Moore, Lee, Maxwell, Llewellyn, Gotell, and Keen all return. Robert Brown now takes over as M. Whether this is the same M as the previous movies or a different one is unclear; since this M's real name is never revealed, it probably doesn't matter. Maud Adams. who previously played Andrea Anders in The Man With the Golden Gun appears here as Octopussy. If a change in actor results in a change of character, then it would make sense that the reverse is also true: same actor, same character. But there are two problems here: One is that Bond and Octopussy don't recognize each other despite Bond being played by Moore in both movies. Secondly,

Andrea is murdered by Scaramanga in The Man With the Golden Gun. If she somehow got revived, perhaps by Baron Samedi from Live and Let Die, it might explain why she doesn't recognize Bond but not why he doesn't recognize her.

 
A View to a Kill (1985)

Casting:
Moore, Lee, Maxwell, Llewellyn, Gotell, and Keen all return. Adams also has a cameo, but it's so brief that it doesn't really matter if it's someone she played before or a new character. So again in terms of casting, there's no evidence one way or the other.

The Living Daylights (1987)

Casting:
Brown, Llewellyn, Gotell, Keen all return, though this is the final appearance in the Bond series of Gogol/Gotell and Gray/Keen. Timothy Dalton takes over as Bond while Caroline Bliss takes over as Moneypenny. Moneypenny doesn't seem quite as attracted to Bond as her predecessor, so if both Bond and Moneypenny are code names, the fact that Moneypenny seems not to pine for Bond quote as much makes sense. Also, as Loki notes, she could conceivably be the daughter of the original Moneypenny rather than a code name. This works either way, but if it’s the same Bond to this point, Moneypenny’s disinterest in Bond makes even more sense because, despite appearances to the contrary, he’s probably older than the earlier Moneypenny. If this is the case, given that Miss Moneypenny remained single, it would not be unreasonable for her to have the same surname as her mother.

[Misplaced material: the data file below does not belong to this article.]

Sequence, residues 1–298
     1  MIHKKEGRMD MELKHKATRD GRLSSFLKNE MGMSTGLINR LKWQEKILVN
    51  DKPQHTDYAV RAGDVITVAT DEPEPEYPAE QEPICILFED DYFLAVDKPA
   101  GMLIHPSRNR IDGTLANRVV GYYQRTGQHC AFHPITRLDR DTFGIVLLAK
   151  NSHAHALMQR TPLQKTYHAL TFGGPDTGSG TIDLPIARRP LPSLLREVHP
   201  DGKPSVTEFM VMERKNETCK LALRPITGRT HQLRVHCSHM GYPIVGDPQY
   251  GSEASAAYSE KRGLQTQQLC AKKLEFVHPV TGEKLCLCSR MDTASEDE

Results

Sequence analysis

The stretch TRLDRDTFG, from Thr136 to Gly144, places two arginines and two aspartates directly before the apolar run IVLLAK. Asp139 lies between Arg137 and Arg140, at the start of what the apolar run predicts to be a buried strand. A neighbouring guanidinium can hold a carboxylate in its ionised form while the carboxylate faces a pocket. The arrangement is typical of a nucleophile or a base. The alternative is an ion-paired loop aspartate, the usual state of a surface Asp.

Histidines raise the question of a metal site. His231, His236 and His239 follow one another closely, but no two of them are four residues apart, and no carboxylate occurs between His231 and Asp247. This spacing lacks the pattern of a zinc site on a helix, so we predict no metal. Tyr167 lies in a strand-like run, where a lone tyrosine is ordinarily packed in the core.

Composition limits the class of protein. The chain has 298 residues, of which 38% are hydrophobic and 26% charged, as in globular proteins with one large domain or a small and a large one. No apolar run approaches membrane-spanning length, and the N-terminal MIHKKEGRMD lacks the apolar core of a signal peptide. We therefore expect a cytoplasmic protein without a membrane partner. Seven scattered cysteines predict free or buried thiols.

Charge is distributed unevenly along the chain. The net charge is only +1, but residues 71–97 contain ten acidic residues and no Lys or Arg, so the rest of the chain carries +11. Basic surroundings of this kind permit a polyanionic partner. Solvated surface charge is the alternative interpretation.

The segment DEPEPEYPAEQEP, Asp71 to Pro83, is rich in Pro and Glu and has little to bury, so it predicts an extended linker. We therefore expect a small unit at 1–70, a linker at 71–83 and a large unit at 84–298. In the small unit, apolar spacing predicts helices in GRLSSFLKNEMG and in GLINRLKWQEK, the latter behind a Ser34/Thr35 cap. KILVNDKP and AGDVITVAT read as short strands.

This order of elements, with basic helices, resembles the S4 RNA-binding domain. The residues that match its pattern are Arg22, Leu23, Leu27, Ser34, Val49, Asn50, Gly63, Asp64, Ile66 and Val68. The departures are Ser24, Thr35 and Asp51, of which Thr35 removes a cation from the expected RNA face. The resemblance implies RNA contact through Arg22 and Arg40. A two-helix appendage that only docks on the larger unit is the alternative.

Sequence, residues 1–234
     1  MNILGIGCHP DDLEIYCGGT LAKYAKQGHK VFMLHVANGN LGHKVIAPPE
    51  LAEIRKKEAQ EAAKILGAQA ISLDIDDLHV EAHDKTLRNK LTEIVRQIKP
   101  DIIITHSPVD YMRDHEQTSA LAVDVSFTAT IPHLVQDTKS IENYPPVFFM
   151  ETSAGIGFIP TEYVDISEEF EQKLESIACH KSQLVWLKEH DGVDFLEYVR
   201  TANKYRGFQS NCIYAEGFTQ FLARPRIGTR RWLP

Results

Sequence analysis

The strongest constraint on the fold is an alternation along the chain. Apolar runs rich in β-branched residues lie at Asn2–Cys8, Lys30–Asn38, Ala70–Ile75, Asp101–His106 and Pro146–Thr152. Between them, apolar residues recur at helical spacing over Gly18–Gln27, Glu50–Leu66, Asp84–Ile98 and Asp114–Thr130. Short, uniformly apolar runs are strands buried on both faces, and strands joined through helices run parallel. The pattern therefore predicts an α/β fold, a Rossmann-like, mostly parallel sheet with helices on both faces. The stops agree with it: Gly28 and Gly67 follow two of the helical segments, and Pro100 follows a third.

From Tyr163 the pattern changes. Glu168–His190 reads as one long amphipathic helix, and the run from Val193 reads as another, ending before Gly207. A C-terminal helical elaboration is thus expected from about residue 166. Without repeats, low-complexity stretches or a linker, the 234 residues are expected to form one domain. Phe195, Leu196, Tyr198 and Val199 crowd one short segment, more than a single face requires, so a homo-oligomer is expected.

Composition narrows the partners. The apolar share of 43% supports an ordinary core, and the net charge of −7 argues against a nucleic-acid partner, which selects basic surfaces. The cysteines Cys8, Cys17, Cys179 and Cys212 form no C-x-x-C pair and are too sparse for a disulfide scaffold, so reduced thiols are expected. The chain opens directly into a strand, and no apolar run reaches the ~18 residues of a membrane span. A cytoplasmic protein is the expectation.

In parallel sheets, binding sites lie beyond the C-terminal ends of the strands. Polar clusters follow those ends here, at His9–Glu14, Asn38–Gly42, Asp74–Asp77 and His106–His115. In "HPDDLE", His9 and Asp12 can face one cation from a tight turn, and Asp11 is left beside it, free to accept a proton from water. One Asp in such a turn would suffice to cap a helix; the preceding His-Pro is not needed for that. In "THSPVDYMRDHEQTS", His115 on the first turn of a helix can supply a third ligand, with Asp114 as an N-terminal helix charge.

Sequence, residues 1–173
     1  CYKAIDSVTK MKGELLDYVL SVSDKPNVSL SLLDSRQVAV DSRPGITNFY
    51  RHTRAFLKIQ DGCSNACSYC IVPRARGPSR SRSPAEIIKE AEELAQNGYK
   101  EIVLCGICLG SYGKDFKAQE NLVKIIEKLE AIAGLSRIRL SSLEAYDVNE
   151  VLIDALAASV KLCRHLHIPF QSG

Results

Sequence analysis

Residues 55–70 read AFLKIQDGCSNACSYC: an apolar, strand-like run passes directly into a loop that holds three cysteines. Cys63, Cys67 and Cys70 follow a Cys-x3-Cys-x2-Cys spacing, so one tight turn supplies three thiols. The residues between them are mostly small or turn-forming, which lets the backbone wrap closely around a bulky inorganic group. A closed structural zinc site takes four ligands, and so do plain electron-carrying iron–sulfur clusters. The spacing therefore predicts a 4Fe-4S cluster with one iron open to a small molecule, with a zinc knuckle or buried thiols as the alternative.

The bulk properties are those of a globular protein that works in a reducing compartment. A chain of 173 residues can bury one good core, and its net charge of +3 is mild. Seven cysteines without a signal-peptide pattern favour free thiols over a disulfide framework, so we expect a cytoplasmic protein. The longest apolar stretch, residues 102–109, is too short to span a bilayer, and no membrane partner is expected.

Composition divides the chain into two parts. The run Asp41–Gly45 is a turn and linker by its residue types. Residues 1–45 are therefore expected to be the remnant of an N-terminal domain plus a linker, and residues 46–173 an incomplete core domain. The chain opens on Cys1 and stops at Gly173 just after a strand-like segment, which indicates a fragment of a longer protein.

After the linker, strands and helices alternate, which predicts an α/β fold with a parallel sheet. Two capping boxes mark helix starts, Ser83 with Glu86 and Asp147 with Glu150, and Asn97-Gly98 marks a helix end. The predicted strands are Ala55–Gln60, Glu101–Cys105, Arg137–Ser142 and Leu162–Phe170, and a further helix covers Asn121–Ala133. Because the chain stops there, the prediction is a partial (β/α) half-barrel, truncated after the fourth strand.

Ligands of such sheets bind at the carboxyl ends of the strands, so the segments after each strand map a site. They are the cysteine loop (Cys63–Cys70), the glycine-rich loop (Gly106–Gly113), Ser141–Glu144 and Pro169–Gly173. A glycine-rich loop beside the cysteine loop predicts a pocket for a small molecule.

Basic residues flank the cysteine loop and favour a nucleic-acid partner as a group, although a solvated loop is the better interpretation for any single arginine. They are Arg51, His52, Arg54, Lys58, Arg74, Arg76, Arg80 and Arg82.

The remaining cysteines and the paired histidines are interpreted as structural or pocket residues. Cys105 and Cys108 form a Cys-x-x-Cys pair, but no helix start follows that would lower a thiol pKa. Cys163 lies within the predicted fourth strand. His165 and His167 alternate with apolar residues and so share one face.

Licence to Kill (1989)
 
Casting:
Dalton, Bliss, Brown, and Llewellyn all return. In addition, David Hedison who played Leiter in Live and Let Die, returns to the role one last time. Given that Bond is invited to Leiter’s wedding as his best man, it’s easier to believe that these are the same Bond and Leiter who have known each other for a very long time than if this Leiter only knew this Bond offscreen up to this point. In addition, there is no reason to believe that Leiter is using a code name to his own wedding.
 
Other Evidence:
Spoilers to the ending of On Her Majesty’s Secret Service:

When Leiter’s bride Della Churchill suggests that Bond will get married at some point, there’s an awkward moment and Leiter explains that Bond was married once. While this could be a Bond who was widowed/divorced offscreen, the scene has more of an emotional impact to it if Leiter is referring specifically to Tracy. Here is the scene: https://www.youtube.com/watch?v=PN0ySqiBUVs 

 
GoldenEye (1995)
 
Casting: